John is director of the United Nations Population Division. He says that in the past, researchers thought population growth in Africa would be similar to that of other areas. They expected slower growth rates as birth control use became more widespread. But he says those ideas were wrong.

“The level of contraception use has continued to increase but slowly — more slowly than expected, and birthrate therefore has been falling less rapidly than expected, and the population therefore continues to grow somewhat more rapidly than we expected.

The new findings are based on a joint research project of the United Nations and the University of Washington,

The researchers believe the population of Asia will reach five billion by 2050. That is up from the current 4.4 billion. And then begin decline. The researchers also believe that North America, Europe, Latin America and the Caribbean area will have a total population of below one billion.

John says the pressure of feeding the rising population is likely to be less than that might be expected.

“The relatively good news is that the world has been winning the race between population growth and food production. If you look back historically over the last 50 years, certainly for the world as a whole and for many, most individual countries and regions, the increase in food production has outpaced the increase of population.”

1.Which area will experience the largest increase in population at the end of the century?

A. Asia. B. Africa.

C. Europe. D. North America.

2.“Contraception use” in the fourth paragraph refers to ________.

A. a method of expert predictions

B. a way of avoiding growth in population

C. a joint research into the rising population

D. a potential technology for food production

3.Why is the pressure of feeding the rising population less than expected according to John?

A. Expert predictions are not exactly like what the facts happen.

B. Birthrates have always been falling less rapidly than we expected.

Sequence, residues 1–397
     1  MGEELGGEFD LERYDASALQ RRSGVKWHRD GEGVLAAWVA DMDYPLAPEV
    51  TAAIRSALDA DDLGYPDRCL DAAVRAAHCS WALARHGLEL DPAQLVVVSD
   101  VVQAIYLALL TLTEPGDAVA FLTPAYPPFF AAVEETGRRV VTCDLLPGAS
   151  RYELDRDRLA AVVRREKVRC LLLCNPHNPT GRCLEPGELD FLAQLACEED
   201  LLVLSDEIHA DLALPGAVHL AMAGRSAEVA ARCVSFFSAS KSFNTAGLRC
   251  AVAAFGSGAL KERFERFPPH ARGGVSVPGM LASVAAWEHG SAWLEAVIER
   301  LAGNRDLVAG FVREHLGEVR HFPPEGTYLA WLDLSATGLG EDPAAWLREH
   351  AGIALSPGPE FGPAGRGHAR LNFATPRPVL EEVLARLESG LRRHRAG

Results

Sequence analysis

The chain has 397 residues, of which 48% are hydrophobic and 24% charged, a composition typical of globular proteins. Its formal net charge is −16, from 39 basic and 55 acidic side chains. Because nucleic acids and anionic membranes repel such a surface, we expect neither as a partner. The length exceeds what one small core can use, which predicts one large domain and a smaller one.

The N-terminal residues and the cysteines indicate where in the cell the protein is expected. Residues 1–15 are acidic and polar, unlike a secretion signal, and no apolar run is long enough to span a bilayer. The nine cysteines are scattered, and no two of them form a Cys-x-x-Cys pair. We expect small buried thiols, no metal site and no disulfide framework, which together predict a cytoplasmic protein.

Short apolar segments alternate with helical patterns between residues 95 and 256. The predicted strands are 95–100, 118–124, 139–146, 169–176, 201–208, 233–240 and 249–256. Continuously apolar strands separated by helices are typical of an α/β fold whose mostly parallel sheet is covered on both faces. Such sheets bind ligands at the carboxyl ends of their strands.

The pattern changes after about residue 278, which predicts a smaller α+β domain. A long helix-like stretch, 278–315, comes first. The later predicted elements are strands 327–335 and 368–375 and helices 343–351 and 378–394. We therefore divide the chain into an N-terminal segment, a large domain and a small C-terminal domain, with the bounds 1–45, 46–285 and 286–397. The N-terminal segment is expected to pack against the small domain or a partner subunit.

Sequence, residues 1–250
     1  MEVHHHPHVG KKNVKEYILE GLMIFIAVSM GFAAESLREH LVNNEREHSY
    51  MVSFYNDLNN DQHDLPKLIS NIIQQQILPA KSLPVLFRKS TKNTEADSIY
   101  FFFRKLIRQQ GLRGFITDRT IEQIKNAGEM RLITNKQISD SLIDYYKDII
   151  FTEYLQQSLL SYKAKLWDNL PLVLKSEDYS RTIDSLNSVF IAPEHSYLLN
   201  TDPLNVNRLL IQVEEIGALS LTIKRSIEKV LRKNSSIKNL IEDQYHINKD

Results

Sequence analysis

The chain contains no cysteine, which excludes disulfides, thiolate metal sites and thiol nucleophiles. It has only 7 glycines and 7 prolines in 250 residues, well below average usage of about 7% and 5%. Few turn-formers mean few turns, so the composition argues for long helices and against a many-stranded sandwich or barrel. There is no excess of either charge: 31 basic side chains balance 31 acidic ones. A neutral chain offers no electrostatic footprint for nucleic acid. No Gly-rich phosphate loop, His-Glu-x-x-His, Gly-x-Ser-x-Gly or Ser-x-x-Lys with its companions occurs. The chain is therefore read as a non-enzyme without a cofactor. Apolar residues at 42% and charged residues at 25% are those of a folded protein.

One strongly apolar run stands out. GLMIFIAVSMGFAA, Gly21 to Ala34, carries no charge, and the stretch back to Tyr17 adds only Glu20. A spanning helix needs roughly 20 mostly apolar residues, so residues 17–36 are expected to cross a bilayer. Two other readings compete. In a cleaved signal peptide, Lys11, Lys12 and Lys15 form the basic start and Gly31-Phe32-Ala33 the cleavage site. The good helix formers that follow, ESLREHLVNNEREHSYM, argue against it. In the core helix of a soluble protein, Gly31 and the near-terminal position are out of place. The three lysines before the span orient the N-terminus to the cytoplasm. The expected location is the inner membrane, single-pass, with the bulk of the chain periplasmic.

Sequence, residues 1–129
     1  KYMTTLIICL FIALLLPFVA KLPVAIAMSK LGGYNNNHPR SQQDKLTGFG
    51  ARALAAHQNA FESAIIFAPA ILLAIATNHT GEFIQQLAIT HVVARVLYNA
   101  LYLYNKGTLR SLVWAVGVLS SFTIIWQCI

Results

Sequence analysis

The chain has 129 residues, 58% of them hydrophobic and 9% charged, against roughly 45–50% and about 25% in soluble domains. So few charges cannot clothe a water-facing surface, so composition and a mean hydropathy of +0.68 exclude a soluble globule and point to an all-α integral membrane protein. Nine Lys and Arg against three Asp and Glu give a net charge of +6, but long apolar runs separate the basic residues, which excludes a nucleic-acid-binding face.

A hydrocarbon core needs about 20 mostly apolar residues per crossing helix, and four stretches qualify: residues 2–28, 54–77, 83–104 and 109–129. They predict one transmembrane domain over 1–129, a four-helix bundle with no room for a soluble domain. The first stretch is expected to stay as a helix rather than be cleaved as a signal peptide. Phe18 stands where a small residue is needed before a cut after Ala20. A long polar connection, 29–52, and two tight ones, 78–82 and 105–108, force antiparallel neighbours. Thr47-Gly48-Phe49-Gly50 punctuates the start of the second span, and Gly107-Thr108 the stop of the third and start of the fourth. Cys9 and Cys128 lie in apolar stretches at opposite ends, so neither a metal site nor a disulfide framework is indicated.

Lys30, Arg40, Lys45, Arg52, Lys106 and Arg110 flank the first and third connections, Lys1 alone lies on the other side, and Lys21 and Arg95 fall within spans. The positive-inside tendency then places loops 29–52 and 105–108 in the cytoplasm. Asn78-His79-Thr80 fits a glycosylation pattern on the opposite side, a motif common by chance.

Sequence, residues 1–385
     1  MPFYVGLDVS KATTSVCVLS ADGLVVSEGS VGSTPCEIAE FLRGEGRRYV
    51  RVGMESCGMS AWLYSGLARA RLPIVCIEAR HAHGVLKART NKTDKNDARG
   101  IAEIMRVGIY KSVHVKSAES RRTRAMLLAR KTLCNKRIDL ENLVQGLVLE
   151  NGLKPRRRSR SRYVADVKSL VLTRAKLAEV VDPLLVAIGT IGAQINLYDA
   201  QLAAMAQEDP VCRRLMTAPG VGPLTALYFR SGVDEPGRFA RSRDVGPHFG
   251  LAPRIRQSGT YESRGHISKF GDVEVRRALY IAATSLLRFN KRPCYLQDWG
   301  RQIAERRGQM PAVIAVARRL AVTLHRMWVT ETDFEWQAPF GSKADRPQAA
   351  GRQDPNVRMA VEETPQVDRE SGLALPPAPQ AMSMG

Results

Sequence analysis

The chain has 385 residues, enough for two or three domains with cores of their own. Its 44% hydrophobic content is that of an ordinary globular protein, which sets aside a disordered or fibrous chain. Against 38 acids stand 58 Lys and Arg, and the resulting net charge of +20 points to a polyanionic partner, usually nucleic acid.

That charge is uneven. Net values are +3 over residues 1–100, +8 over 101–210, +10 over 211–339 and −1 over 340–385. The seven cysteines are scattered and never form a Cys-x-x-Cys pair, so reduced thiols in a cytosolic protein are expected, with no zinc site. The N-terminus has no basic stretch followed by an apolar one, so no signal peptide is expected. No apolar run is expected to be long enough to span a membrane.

C. The population grows less rapidly than population experts expected.

D. The increase in food production has outpaced the increase of population,

4.What can be inferred from the passage?

A. The world’s population will increase constantly.

B. The population of Asia will rise by 5 billion by 2050.

C. John is optimistic about feeding the rising population,

D. Population growth in Africa was much slower than expected.

As Internet users become more dependent on the Internet to store information, are people remember less? If you know your computer will save information, why store it in your own personal memory, your brain? Experts are wondering if the Internet is changing what we remember and how.

In a recent study, Professor Betsy Sparrow conducted some experiments. She and her research team wanted to know the Internet is changing memory. In the first experiment, they gave people 40 unimportant facts to type into a computer. The first group of people understood that the computer would save the information. The second group understood that the computer would not save it. Later, the second group remembered the information better. People in the first group knew they could find the information again, so they did not try to remember it.

In another experiment, the researchers gave people facts to remember, and told them where to find the information an the Internet. The information was in a specific computer folder (文件夹). Surprisingly, people later remember the folder location (位置) better than the facts. When people use the Internet, they do not remember the information. Rather, they remember how to find it. This is called “transactive memory (交互记忆)”

According to Sparrow, we are not becoming people with poor memories as a result of the Internet. Instead, computer users are developing stronger transactive memories; that is, people are learning how to organize huge quantities of information so that they are able to access it at a later date. This doesn’t mean we are becoming either more or less intelligent, but there is no doubt that the way we use memory is changing.

1.The passage begins with two questions to ________.

A. introduce the main topic B. show the author’s altitude

C. describe how to use the Interne D. explain how to store information

2.What can we learn about the first experiment?

A. Sparrow’s team typed the information into a computer.

B. The two groups remembered the information equally well.

C. The first group did not try to remember the formation.

D. The second group did not understand the information.

3.In transactive memory, people ________.

A. keep the information in mind

B. change the quantity of information

C. organize information like a computer

D. remember how to find the information

4.What is the effect of the Internet according to Sparrow's research?

A. We are using memory differently.

B. We are becoming more intelligent.

C. We have poorer memories than before.

D. We need a better way to access information.

 0  144192  144200  144206  144210  144216  144218  144222  144228  144230  144236  144242  144246  144248  144252  144258  144260  144266  144270  144272  144276  144278  144282  144284  144286  144287  144288  144290  144291  144292  144294  144296  144299 

违法和不良信息举报电话:027-86699610 举报邮箱:58377363@163.com

精英家教网